In relation to that is that when some people think that you need enormously long lenses to take amazing photos. Yes, you have to use long lenses but it all depends on what you need, and what kind of photos you want to take. Will you be traveling? Do you prefer compact units? What kind of photos will you be taking? How heavy is your luggage? Contrary to some might think: there are awesome compact point-and-shoots out there that have nice zoom lenses that are almost as good as your any dSLR camera. Why spend more?

Besides, having long lenses (or SLR even) does not equate to having good photography skills. I am a frequent user of Hive Mind and I have seen truly amazing photos using film cameras — which, unfortunately, a majority of people think as “ancient”, “old”, “too analog”, among other things. 🙁

Toronto, Ontario. Circa 2010, Nikon D40.

I am not saying that people shouldn’t care what camera unit they should get for themselves. It’s quite the contrary actually. But personally it’s a matter of rewarding oneself by assisting whatever skills that have been acquired by getting a better camera unit. Photoshop can only do so much. After all these years and getting compliments from people who see my photos, I think I still lack the skill and have a long way to go. I try to be patient though and devour as many articles and photography books as I can. I browse other people’s works and get inspiration from them. Photography is an ongoing learning experience for me. I won’t stop just because I have a digital SLR and numerous camera units.

I know some people will surely disagree with me about this. I know some will do the opposite. I know some who have their own “peeves” and react by not shooting at all! I think this is sad, mainly because I don’t think it’s appropriate for an individual to have all these negative impressions affect his or her artistic outlet by not letting it out. If there is one thing that one person can do to show others that photography is not just about the contraptions, it is by taking more and more photos! That way they can see that it is a matter of how you will see and perceive things.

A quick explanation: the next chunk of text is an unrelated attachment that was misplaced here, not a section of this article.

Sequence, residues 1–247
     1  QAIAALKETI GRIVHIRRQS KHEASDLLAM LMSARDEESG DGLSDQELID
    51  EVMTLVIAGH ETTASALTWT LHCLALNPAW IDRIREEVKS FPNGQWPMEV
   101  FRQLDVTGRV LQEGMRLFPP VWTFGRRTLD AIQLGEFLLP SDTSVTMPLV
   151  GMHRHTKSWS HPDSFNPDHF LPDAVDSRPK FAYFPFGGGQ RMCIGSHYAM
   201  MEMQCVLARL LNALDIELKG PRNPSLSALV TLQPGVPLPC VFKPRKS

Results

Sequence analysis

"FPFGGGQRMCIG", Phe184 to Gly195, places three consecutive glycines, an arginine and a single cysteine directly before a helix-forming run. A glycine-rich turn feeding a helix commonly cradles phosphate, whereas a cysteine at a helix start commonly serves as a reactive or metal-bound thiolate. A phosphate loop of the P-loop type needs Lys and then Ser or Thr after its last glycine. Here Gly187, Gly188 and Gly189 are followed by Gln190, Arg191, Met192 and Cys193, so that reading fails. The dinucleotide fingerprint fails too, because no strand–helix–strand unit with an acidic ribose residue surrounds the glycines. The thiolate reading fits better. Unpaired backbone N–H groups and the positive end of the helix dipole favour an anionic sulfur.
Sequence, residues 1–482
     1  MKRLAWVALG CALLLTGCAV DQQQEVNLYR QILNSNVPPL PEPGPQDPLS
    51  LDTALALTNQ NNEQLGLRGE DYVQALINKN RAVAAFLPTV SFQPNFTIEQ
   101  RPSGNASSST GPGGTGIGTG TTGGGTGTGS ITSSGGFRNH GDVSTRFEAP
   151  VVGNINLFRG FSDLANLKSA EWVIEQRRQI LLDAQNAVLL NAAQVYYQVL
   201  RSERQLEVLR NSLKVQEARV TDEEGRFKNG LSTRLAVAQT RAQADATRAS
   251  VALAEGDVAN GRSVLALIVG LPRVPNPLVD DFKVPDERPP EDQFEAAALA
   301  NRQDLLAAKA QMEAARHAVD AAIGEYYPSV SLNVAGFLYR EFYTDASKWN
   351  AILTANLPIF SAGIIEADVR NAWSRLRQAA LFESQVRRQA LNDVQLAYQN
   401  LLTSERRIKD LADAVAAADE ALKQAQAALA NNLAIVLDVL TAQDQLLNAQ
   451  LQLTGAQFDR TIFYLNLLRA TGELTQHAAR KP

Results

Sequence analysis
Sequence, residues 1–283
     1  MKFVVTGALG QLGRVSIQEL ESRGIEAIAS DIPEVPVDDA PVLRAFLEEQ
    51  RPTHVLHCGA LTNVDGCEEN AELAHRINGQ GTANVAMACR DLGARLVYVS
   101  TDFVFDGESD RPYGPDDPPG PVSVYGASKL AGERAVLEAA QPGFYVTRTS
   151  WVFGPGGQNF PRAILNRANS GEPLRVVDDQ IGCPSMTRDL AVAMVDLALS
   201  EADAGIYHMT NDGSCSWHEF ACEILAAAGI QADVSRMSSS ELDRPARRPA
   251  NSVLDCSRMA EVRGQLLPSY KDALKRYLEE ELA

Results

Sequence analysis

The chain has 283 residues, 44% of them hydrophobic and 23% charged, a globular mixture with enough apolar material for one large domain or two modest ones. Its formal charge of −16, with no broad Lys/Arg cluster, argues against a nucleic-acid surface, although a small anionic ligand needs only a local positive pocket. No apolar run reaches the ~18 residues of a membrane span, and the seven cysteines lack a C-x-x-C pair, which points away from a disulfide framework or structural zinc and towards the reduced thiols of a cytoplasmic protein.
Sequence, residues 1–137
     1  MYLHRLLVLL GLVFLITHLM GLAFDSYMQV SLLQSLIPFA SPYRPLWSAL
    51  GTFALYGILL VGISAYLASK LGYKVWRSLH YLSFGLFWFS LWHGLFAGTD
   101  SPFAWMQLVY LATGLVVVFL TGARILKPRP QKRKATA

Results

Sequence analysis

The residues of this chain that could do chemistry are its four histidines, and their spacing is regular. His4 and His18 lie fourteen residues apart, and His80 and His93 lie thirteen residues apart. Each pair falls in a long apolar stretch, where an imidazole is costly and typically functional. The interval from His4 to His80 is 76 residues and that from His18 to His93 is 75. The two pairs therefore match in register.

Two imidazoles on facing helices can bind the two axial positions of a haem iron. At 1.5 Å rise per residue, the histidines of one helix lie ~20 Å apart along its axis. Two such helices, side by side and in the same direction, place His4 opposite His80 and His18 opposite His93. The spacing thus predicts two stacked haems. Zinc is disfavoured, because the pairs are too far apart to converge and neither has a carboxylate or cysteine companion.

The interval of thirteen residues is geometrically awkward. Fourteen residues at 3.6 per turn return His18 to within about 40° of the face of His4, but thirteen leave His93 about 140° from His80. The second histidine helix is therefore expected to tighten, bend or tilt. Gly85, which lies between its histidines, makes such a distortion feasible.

Whatever brands or units you have right now, at the end of the day, what matters are the eye and the mind of the person behind the camera. Your camera won’t work without you. Your eyes and your mind are your best “gear” and you should continuously “upgrade” that by learning and reading — not by constantly buying. 🙂

Note: I find it very painful that despite finding people within my circle of friends who are into photography, we usually do not “jive” well because of differences in views regarding the field. This leaves me frustrated. To put it roughly, it’s either there’s something wrong with me, or with them. Some people say it’s just a matter of “whatever floats one’s boat” but since I feel strongly about this matter (I guess one might say I’m passionate about painting with light), I just have to air this out. Of course, I am in no way getting back at people per se, but their behaviors. Friends are still friends, unless they try to defame me after this. 🙂

Comments and reactions are welcome, as long as they’re civilized. Thanks.

1 thought on “What I think and feel about photography”

  1. I agree with so much of what you say. I feel the same way about how people think that DSLRs is what will automatically give them better pictures.

    I’ve went to so many conventions and seen some people do absolutely amazing works with their cameras but that is because they learned how to utilize their camera effectively. But then there are so many people (and I mean SO MANY) people who carry around a DSLR and still shoot only on automatic mode. Personally, if I was going to shoot automatic, I wouldn’t carry around such a heavy camera nor would I spend so much of my money on it.

    It just really rubs me the wrong way. I try not to join the battle of the brands. I use both a Canon and Nikon but I originally started out with a Pentax film camera. We all start somewhere and we find our paths from there.

    And, YOU! You have given me the plan to shoot as much as possible in film and try out toy cameras. Thank you!